LHJ: Can you imagine the warped body image you'd have if you were just starting your career? The demand on actresses is to be paper-thin now.

KA: When I see someone who is starved, they don't look alert. They don't have boundless energy. I like to look at a person who looks strong and alert and vibrant with bright sparkling eyes and beautiful skin and enough meat on their bones that they could survive for a while if they had to. If you're too skinny, it looks like you're near death. That's not pretty to me.

"I Want to See Something Different"

LHJ: Your daughter is 11. Are you concerned about how your battles with weight will affect her body image?

KA: No, because I think she's seen me lose it in a very sane way and she knows that there's a lot more to life than how fat or thin you are. She knows I drink a lot of water with lime in it. She knows I'm eating good food, and she knows I'm taking vitamins. I made her very aware that what I was doing before was not healthy.

LHJ: How do you help your kids to maintain a healthy lifestyle?

KA: Well, we eat mostly organic food and I don't let them sit at the computer all day. They're allowed to do some homework on the computer, but even that's minimal. They're allowed to watch an hour of TV every day -- that's it.

LHJ: Speaking of caretaking, I understand you and some friends helped rescue animals in New Orleans?

KA: Yes, we worked with the ASPCA in Baton Rouge. That's where all the animals were brought from New Orleans. They were getting excellent care, by the way. I rescued a cat and a dog. He's a little puppy, and I named him Fawney -- he's a little fawn.

LHJ: Any other new projects?

KA: I'm in the process of creating a new TV series and I'd also like to create really quality films for kids. I grew up with movies that were smart and weren't condescending -- The Yearling, Old Yeller. But now you couldn't have Old Yeller because he gets shot in the end. That's life and you're not going to live your life unscathed. I'm also toying with the idea of doing a radio show just because we've got a plethora of shock jocks and shrink talk, but there's got to be a space in there for something more nurturing -- like Frank Capra or Burns and Allen. I want a show that can somehow be fun and funny and not preachy. A show that will create better lives for people. I'd like a little more of that and less porn, shock jock, grotesque [content]. The world is becoming more and more degraded, and I want to take a strong, sharp turn. So much of what's going on turns people into victims. You're a victim of this disease or that disorder. I want to see something different.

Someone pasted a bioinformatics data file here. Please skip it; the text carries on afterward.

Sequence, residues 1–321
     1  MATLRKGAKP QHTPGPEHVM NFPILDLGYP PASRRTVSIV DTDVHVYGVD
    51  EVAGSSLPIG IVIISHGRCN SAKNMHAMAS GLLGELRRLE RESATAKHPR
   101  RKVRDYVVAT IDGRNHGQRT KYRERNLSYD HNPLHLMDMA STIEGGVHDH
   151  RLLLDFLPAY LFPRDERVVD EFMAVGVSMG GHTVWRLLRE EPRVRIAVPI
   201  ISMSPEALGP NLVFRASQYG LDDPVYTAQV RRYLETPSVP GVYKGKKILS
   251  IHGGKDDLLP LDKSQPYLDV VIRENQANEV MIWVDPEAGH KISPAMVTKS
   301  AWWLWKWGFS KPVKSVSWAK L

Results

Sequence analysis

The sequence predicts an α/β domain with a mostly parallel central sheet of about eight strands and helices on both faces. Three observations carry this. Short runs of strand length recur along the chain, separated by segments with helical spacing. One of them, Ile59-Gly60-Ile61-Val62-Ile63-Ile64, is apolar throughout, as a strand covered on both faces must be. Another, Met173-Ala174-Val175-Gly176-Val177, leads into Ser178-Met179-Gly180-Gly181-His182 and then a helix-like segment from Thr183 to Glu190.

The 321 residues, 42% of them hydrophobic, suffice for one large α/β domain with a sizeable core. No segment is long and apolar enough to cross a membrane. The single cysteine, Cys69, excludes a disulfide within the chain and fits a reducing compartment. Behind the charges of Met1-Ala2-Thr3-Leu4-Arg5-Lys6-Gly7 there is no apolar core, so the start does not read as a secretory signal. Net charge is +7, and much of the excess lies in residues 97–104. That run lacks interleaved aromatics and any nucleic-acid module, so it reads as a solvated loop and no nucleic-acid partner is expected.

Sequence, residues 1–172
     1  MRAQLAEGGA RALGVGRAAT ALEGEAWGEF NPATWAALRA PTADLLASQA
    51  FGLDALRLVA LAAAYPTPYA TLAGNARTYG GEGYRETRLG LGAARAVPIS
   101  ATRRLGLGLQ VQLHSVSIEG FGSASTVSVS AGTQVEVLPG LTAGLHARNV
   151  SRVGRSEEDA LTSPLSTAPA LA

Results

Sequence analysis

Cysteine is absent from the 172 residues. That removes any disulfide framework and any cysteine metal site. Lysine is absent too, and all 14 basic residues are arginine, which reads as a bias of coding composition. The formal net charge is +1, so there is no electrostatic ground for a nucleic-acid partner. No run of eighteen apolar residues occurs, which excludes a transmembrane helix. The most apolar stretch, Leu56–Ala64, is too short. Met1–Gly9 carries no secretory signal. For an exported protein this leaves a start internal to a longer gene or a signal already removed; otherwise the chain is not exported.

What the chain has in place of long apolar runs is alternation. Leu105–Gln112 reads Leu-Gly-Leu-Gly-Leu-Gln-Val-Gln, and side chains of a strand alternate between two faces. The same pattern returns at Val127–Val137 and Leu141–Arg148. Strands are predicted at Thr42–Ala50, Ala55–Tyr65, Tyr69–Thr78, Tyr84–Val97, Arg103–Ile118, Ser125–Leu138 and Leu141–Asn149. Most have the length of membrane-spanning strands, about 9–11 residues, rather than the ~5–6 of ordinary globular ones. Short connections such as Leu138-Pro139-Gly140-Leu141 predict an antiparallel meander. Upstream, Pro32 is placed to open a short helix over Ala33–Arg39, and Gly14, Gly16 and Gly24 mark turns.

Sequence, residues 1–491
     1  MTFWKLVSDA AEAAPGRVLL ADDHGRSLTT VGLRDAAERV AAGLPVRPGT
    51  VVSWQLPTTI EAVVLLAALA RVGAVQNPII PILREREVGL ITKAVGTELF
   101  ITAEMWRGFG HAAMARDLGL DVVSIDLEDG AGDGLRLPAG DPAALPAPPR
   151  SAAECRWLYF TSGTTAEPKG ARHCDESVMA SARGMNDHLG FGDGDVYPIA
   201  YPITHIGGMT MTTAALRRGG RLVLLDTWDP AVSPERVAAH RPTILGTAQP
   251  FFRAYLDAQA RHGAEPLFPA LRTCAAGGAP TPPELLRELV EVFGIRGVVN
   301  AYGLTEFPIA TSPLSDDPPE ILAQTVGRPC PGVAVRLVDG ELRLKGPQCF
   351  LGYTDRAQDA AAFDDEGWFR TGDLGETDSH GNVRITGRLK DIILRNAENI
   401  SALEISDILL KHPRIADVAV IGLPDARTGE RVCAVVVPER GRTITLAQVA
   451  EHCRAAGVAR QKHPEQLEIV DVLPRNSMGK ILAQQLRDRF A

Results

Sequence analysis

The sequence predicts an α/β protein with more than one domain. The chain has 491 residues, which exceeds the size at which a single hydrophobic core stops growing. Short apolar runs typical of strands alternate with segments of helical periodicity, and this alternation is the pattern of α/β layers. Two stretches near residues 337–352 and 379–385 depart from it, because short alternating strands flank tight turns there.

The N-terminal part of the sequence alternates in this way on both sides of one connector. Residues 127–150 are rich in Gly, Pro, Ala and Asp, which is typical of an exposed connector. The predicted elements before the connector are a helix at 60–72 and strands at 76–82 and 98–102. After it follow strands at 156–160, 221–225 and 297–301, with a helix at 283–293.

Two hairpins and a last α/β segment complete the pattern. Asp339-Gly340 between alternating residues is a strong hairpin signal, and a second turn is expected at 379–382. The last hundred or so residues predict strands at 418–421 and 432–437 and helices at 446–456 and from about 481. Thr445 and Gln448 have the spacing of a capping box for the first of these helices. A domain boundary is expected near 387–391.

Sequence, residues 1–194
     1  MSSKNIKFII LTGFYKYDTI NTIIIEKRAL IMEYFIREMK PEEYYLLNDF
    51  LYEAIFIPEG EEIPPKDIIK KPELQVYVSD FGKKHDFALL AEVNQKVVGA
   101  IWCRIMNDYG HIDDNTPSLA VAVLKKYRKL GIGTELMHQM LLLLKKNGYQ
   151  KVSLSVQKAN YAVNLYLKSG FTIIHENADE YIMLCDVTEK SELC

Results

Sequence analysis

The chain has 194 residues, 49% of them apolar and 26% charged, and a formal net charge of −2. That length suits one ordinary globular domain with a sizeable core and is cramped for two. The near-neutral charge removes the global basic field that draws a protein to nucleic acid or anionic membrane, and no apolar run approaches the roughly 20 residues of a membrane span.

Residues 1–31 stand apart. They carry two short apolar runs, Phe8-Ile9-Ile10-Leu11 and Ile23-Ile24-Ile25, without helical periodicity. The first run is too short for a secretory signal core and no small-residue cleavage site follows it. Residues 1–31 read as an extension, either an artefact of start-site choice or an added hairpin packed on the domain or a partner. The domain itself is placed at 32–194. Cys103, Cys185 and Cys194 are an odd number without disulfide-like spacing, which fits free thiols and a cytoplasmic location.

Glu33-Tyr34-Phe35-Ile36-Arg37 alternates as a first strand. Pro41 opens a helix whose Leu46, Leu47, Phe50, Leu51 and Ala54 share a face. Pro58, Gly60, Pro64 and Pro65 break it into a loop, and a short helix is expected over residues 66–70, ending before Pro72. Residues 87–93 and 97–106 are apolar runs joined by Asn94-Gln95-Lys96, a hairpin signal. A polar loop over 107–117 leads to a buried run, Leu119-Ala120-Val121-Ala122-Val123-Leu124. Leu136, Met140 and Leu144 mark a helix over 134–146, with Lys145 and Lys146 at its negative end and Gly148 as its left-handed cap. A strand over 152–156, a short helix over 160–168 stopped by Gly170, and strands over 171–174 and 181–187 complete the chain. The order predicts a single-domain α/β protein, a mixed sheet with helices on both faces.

LHJ: One last diet question: Ever worry about falling off the wagon?

KA: I just have to plan my meals. I talk to my Jenny Craig consultant regularly. Then this friend of mine, Whitney, makes the best cookies in the world. So I'll have those. [Pauses] Do you like gingersnaps?

LHJ: Yes, of course.

KA: [She picks up the phone and has one of her assistants bring in a dainty bag of eight cookies.] See, I can have two cookies. Maybe somebody else can eat 10, but I won't. I will have two.

LHJ: What does the tag say?

KA: "Whitney: Fattening up Hollywood one cookie at a time."

Don't you just love it?

Originally published in Ladies' Home Journal magazine, February 2006.